SSB6 40.80133 Intermediate
SSB7 35.96897 Intermediate
SSB8 56.89361 Intermediate
SSB9 47.33508 Intermediate
JSSA 01 83.04203 Intense to extreme
JSSA 02 73.85008 Intense to extreme
JSSA 03 80.41552 Intense to extreme
JSSA 04 92.05363 Intense to extreme
JSSA 05 95.57606 Intense to extreme
JSS 6 64.83029 Intense to extreme
JSSS 1 57.99866 Intermediate
JSSS 2 74.48914 Intense to extreme
JSSS 3 66.51638 Intense to extreme
JSSS 4 67.04955 Intense to extreme
JSSS 5 70.68835 Intense to extreme
JSSS 7 69.0771 Intense to extreme
JSSS 8 80.92978 Intense to extreme

Table 3: Mineralogical index of alteration showing MIA values across samples in parts of Awe-Obi area.

geology-geosciences-study-area

Figure 4: Profiles of MIA value across samples of the study area.

Index of Compositional Variability

Because minerals show resistance to weathering, index of compositional variability can be used as a measure of sediment maturity. This index measures the abundance of alumina relative to other major cations in a rock or mineral. ICV for sediments was calculated using the formula:

ICV=(Fe2O3+K2O+Na2O+MgO+MnO+TiO2)/Al2O3

This formula excludes silicates so as to eliminate the problem of quartz dilution. Using this formular, ICV>1 indicates immature sediments, while ICV values <1 indicates matured sediments. Calculated ICV values for samples are presented on Table 4 (Figure 5).

Samples ICV Remarks
SSB 6 1.513434 Immature
SSB 7 2.375354 Immature
SSB 8 0.765515 Mature
SSB 9 1.407367 Immature
JSSA 01 2.523827 Immature
JSSA 02 1.931619 Immature
JSSA 03 3.053004 Immature
JSSA 04 3.83714 Immature
JSSA 05 3.148043 Immature
JSS 6 1.80792 Immature
JSSS 1 2.244322 Immature
JSSS 2 3.134128 Immature
JSSS 3 2.195364 Immature
JSSS 4 4.118853 Immature
JSSS 5 3.821462 Immature
JSSS 7 2.88721 Immature
JSSS 8 1.224251 Immature

Table 4: Calculated ICV values for samples in parts of Awe-Obi area.

geology-geosciences-samples-study-area

Figure 5: Profiles of ICV value across samples of the study area.

Paleo-oxygenation Conditions

Several trace elemental ratios have been used to discriminate paleo oxygenation conditions for sediments. Kroner et al. [12] used the Ni/Co ratio to discriminate whether sediments were deposited in an oxygenated conditions or a reducing condition. Based on their ratio, Ni/Co ratio <5 suggest an oxidizing condition of deposition while Ni/ Co ratio >5 suggest a sub oxidizing to reducing conditions [13]. This ratio was determined for samples (Table 5).

Samples Ni/Co Remarks
SSB 6 1.172297 Oxidizing
SSB 7 0.585417 Oxidizing
SSB 8 1.663636 Oxidizing
SSB 9 1.034014 Oxidizing
JSSA 01 2.776579 Oxidizing
JSSA 02 2.138081 Oxidizing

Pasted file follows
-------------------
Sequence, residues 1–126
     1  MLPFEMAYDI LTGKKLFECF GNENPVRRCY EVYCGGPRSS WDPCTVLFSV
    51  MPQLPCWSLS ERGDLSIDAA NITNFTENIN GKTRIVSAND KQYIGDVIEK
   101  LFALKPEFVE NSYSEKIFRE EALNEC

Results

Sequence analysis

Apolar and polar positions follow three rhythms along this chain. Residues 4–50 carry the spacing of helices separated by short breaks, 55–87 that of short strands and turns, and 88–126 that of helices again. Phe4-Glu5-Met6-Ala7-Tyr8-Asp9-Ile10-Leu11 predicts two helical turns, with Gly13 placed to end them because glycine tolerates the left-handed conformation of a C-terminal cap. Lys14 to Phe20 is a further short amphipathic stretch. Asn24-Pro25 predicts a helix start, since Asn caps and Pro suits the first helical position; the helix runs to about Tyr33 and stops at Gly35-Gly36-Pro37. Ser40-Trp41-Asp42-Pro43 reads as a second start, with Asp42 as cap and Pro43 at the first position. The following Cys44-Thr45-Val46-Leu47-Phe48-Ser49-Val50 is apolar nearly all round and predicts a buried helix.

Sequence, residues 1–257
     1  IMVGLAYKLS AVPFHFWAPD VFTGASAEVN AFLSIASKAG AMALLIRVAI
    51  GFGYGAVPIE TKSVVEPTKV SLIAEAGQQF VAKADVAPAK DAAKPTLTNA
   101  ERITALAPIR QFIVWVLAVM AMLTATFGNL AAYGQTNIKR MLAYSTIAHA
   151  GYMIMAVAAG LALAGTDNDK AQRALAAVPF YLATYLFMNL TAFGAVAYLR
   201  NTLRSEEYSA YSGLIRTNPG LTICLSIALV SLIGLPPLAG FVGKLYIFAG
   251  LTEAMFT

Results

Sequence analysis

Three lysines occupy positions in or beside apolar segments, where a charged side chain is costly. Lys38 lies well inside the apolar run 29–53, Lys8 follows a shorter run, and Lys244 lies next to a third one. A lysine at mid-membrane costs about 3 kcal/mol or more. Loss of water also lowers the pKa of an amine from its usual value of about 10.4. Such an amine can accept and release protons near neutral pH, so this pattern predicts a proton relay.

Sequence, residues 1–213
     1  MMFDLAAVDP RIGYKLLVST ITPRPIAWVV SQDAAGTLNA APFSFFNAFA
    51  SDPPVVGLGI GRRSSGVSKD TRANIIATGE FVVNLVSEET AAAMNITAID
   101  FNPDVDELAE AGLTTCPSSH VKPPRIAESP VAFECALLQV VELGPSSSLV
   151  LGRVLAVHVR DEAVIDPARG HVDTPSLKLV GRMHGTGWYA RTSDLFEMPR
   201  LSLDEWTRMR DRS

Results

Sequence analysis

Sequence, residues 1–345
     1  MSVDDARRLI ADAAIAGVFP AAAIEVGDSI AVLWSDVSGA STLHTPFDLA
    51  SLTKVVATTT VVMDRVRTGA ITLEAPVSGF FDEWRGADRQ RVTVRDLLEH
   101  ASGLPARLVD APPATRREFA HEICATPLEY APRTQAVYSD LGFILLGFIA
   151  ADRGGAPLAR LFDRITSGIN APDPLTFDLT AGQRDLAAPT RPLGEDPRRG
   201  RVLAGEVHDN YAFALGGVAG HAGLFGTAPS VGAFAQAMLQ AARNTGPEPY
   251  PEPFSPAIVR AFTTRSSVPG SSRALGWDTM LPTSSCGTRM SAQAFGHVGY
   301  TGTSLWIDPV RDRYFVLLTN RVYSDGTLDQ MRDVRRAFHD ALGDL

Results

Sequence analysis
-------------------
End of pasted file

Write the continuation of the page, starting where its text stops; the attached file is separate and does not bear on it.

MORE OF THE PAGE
JSSA 03 2.512357 Oxidizing
JSSA 04 3.961965 Oxidizing
JSSA 05 4.472934 Oxidizing
JSS 6 1.39521 Oxidizing
JSSS 1 2.757603 Oxidizing
JSSS 2 3.51325 Oxidizing
JSSS 3 2.271298 Oxidizing
JSSS 4 3.242424 Oxidizing
JSSS 5 2.75134 Oxidizing
JSSS 7 1.963595 Oxidizing
JSSS 8 0.073232 Oxidizing

Table 5: Ni/Co ratio for samples in parts of Awe-Obi area.

Discussion

Chemical index of alteration for stream sediments in Awe-Obi revealed most sediment have been subjected to extreme weathering. Only a single sample had experience intense weathering. Further evaluation of weathering using chemical index of weathering revealed all samples had undergone extreme weathering. However, evaluation of weathering using the mineralogical index of alteration revealed samples had undergone intermediate weathering and intense to extreme weathering, most samples showed intense to extreme weathering characteristics with five samples showing intermediate weathering characteristics. High CIA, CIW and MIA values are indication that sediments have been subjected to severe alterations under humid climate. Inferences on maturity of these rocks using index of compositional variability (ICV) revealed most samples are immature (ICV values greater than 1). This study also inferred that the paleo-oxygination conditions for sediments using Ni/Co ratio revealed an oxidizing environment of deposition of the samples. It must be made clear here that the application of chemical index of alteration (CIA), chemical weathering index (CIW) and mineralogical index of alteration (MIA) of heterogeneous profiles of Awe-Obi was done with extreme caution, accepting its limitations, because this study too just as previous study, assume aluminium is immobile during the process.

Conclusion

The Chemical Index of Alteration (CIA) [4] is the most widely applied and most indicative of the available weathering indices. From this study, one can conclude that the sediments from the study area have been subjected to varying degree of weathering and were deposited in an oxidizing environment. Furthermore, the ICV values for sediments in the study area suggest most sediments are immature. The high CIA, CIW and MIA values are indications that the sediments have been subjected to severe alteration under humid climatic condition.

References

Citation: Gajere JN, Abaa SI, Kana JE (2015) Paleo Environmental Studies for Stream Sediments around Awe-Obi Area North Central Nigeria. J Geol Geosci 4:197.

Copyright: © 2015 Gajere JN, et al. This is an open-access article distributed under the terms of the Creative Commons Attribution License, which permits unrestricted use, distribution, and reproduction in any medium, provided the original author and source are credited.